Management: Topical application of an antifungal such as miconazole gel to the fitting surface of the denture is recommended. For more widespread infection patients can be prescribed Nystatin oral suspension (1ml – 400,000-600,000 units) to be dropped on the tongue and retained in the mouth for as long as possible four times daily for four weeks. Systemic therapy may be indicated in severe cases. Patients should also be counselled on denture hygiene and reduction in denture wear at night.
Two common orofacial pain conditions affecting the elderly are burning mouth syndrome (BMS) and trigeminal neuralgia (TN).
Burning mouth syndrome
BMS is characterised by a burning sensation of the oral mucosa in the absence of any clinically apparent mucosal alterations. It is most common among middle-aged and older women, occurring with a predilection for the female sex of 5:1.17 Patients may also complain of dysgeusia and xerostomia. BMS can be commonly associated with stressful life events, anxiety or depression. There is also evidence for a neurogenic cause.18
Management: BMS is commonly managed through psychological methods such as cognitive behavioural therapy (CBT), or pharmacological means such as a selective serotonin reuptake inhibitor (SSRI) or tricyclic antidepressant (TCA), or a combination of both.
The International Association for the Study of Pain (IASP) defines TN as a sudden, unilateral, severe, brief, stabbing, recurrent episode of pain in the distribution of one or more branches of the trigeminal nerve.19 It may be categorised as Type I, Type II and Secondary TN. In Type I, symptoms are of ‘classical’ TN – short sharp paroxysms of pain that may be brought on by touch, toothbrushing, or shaving. Type I may be further subdivided into ‘idiopathic’, in which no microvascular compression is demonstrated on investigation, or ‘classical’, in which microvascular compression is proven. Type II presents as a continuous low level of pain superimposed by bursts of severe pain. Secondary TN occurs as a result of a neurological disease and is not caused by microvascular compression of the trigeminal nerve.20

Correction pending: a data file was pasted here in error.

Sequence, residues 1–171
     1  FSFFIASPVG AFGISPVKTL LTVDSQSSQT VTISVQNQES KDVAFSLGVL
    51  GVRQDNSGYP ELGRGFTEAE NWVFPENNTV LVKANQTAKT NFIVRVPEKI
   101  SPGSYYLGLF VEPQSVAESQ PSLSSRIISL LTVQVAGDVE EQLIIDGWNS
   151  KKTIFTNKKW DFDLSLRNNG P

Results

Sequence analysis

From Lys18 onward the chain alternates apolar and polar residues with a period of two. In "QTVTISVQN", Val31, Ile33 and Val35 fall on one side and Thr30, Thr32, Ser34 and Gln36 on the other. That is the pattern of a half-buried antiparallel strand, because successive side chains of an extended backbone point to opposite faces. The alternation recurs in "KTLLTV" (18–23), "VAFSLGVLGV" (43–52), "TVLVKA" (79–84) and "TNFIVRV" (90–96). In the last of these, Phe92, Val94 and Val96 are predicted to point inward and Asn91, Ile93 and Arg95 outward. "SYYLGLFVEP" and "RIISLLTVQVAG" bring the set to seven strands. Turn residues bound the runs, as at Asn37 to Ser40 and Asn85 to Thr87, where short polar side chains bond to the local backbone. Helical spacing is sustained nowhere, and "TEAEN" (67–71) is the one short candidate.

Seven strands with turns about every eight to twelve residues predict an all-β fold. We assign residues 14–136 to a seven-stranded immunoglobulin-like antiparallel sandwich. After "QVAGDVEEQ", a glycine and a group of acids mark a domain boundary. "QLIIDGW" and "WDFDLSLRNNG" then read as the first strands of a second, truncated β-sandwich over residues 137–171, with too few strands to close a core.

Management: The first line of treatment is medical management with the use of anti-convulsant medications such as carbamazepine or oxcarbazepine. Second-line treatment options include transcutaneous, percutaneous, radiotherapy and open surgical management. Patients suffering from secondary TN should undergo treatment for the primary source of pathology.
A 71-year-old lady attended the Oral Medicine Department in Cork University Dental Hospital. She was referred by her dentist regarding fiery red appearance of her gingivae, and painful ulceration and white patches on the buccal mucosae and lateral borders of the tongue. She had soreness while eating spicy foods and during toothbrushing.
Medical history included hypertension, type II diabetes mellitus, osteoarthritis, and gastro-oesophageal reflux disorder. Medications included bisoprolol, aspirin, and pantoprozole.
On examination, her attached gingivae had a full-thickness erythematous appearance and her buccal mucosae were erythematous with white macules and striations superimposing. She had an ulcer on the lateral border of her tongue that measured 9x4mm (Figure 6).
An incisional biopsy was taken and sent to histology. A diagnosis of OLP was made and the patient was treated with topical prednisolone mouthwash.
A one-month review showed improved appearance of the erythematous tissues and complete healing of the ulcer.
The GDP should be aware of the normal physiological signs of ageing tissues in the older dental patient.
They should also be aware of conditions that warrant appropriate referral for further investigation and monitoring.